And the nature—I mean, I don’t know much about the movie, but I think his expression and his movement language just compliments the tone of this story. I don’t think it needs to be big production numbers necessarily. It’s more about kind of enhancing the human, what the human quality already is.

Margaret Fuhrer:
Yeah. Which is exactly what Ryan is good at.

Gaby Diaz:
Yeah. And that was great. And that was so cool to do. And it was interesting to dance like that on film. I think I had never, ever experienced anything like that. It was a more like artsy—more like, oh, kind of the stuff I was doing at Hubbard Street off camera that no one will ever see because you’re not allowed to film it. Now we’re bringing to camera. And I was down and I was game for that. I had a great time working with him. It was my first time working with him.

Margaret Fuhrer:
Oh, that’s so cool. Yeah, I know—probably because there aren’t big production numbers, that’s not the way dance is baked into the movie, I feel like the previews that we have seen, we just don’t see all that much of the dancing. So I’m just very curious as to what it actually looked like, what this dance world that he created look like.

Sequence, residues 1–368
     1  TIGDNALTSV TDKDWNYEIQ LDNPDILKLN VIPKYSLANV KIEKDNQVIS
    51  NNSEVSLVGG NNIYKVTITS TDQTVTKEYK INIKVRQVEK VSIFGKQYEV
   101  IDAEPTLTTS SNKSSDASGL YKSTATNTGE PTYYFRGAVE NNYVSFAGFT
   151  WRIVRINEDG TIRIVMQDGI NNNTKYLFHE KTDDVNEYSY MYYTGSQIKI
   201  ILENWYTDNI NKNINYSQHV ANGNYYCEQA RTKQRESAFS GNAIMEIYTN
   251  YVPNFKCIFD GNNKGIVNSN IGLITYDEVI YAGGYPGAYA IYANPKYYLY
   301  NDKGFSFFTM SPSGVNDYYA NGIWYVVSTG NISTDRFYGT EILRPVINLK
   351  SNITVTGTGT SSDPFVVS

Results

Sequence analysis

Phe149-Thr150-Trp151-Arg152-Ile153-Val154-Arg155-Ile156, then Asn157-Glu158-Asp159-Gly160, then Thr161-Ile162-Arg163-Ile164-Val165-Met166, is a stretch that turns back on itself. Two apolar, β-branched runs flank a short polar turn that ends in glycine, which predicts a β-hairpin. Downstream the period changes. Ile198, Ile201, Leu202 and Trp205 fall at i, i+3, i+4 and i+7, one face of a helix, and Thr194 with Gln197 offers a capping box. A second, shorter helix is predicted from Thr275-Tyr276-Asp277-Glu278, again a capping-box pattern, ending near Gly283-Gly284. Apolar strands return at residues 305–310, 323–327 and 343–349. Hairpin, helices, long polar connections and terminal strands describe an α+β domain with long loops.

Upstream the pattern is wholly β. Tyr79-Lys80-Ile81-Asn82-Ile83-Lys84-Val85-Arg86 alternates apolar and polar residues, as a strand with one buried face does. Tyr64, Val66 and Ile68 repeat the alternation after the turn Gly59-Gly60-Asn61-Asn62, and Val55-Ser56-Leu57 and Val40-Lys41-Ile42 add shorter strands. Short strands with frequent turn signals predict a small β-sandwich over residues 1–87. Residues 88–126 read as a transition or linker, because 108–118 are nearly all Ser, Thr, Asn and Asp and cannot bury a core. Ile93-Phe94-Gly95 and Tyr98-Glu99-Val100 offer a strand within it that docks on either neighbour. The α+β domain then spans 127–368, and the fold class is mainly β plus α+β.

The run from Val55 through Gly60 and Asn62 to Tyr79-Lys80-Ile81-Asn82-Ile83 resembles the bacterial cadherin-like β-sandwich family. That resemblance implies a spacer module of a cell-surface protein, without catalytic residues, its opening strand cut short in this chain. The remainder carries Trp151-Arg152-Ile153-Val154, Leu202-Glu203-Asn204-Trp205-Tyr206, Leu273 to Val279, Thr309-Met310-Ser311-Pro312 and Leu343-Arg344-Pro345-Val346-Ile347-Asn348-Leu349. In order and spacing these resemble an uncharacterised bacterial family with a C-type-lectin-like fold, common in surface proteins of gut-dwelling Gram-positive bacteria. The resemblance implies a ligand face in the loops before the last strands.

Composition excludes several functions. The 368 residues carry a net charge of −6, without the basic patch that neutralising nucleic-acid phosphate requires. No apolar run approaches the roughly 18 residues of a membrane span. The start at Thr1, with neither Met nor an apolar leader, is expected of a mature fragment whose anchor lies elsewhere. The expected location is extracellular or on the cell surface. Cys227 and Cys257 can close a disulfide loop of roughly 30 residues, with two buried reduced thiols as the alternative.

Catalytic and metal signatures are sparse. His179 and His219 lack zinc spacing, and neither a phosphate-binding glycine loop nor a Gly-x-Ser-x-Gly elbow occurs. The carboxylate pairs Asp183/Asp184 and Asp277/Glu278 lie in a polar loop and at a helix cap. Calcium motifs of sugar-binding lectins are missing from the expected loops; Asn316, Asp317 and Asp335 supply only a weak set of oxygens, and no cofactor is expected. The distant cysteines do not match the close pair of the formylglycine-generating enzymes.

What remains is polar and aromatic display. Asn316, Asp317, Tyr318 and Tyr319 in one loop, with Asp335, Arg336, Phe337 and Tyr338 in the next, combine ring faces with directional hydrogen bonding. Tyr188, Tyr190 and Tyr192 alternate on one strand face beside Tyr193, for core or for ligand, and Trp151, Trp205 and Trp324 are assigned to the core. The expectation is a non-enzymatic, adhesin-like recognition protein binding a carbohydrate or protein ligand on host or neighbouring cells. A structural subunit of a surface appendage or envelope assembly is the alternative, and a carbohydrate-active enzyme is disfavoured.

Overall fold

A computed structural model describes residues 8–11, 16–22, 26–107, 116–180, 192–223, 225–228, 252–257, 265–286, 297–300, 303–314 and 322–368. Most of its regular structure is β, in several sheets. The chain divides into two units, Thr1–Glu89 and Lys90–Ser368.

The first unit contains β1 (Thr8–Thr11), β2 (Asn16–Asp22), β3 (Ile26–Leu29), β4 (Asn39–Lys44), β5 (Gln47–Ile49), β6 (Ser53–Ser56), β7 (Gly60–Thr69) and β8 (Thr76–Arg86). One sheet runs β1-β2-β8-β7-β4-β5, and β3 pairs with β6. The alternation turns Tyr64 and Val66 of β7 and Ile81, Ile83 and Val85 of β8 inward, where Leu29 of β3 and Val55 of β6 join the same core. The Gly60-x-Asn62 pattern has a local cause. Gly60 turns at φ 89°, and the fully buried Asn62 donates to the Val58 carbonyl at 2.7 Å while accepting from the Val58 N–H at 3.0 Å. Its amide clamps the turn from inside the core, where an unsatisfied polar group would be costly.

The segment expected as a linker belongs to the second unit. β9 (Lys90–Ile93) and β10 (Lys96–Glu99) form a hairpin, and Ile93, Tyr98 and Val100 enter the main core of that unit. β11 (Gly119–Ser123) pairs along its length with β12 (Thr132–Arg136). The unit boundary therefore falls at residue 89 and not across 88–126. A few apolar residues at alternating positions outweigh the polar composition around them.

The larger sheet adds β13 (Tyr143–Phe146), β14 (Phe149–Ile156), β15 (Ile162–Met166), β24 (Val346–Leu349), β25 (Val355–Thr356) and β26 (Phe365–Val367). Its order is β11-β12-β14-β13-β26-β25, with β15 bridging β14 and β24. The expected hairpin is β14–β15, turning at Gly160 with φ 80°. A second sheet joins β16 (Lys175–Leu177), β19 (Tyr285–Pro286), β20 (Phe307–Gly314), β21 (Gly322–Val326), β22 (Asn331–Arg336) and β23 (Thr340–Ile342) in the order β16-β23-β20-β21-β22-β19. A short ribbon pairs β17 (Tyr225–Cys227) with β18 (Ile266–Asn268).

Gaby Diaz:
I’m excited to see. I’m excited to see the world. Because that’s what I think, or that’s what it seemed like to me, the whole project tick, tick…BOOM! was they were trying to tell this story through a very specific lens and create this Jonathan Larson world. And in the brief time that I was there, it felt like, all right, yeah, this is totally in the world. This is going to be a cool, different musical. So I’m just excited to see the final product.

Margaret Fuhrer:
How crazy that your first two film directors are Steven Spielberg, and Lin-Manuel Miranda.

Gaby Diaz:
I know. I’ve been spoiled.

Margaret Fuhrer:
Pretty crazy.

So you’ve had all these diverse experiences. What’s still kind of on your career bucket list? What either dance avenues or other artistic avenues do you still want to explore?

Gaby Diaz:
This is something I hadn’t really even been thinking about until more recently, having done now another project during COVID for film. I think I’m excited to go back to performing live. I think I’m craving being in a studio and taking my time with something and maybe performing it four times and you got to get a ticket to see it and experience it and then it’s gone. Yeah. I think I want that for myself next.

I don’t try to look too far in advance, because I feel like anytime I thought I knew what I was going to be doing for a little while, it just completely changes, and I’m surrendering to that, and I’ve actually enjoyed where that has taken me. So not thinking too far in advance, but I think one day I would like to start stepping out of performer and into more rehearsal director. Just being that right hand for a choreographer. I think is something I want to do and a responsibility I’d like to start to take on as I transition out of performing.

Margaret Fuhrer:
Why does that sort of role in particular appeal to you?

Gaby Diaz: